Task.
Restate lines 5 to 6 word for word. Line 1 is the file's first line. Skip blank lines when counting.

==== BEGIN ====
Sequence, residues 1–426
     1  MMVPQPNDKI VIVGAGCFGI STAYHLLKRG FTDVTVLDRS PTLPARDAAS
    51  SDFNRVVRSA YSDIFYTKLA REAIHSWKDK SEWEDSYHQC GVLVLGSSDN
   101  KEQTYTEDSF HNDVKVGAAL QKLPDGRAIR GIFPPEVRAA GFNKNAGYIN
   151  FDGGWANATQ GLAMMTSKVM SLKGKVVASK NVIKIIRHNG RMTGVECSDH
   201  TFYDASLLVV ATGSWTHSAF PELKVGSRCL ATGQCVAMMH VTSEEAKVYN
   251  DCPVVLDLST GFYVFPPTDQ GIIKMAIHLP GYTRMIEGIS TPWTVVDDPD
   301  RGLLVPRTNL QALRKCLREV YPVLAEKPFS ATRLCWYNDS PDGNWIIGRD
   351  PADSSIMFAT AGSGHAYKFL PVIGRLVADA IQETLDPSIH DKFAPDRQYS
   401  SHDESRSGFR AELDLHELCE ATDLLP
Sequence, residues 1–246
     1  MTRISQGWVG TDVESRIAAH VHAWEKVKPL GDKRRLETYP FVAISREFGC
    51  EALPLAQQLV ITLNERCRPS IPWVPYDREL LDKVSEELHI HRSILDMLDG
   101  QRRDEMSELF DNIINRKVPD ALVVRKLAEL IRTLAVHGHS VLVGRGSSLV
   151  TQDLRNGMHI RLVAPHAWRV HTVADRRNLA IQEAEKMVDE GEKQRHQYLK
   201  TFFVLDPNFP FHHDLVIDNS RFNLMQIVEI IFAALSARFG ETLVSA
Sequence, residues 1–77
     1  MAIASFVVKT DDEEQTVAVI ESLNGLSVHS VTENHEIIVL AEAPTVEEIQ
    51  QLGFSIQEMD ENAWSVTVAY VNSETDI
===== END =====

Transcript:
   151  FDGGWANATQ GLAMMTSKVM SLKGKVVASK NVIKIIRHNG RMTGVECSDH
   201  TFYDASLLVV ATGSWTHSAF PELKVGSRCL ATGQCVAMMH VTSEEAKVYN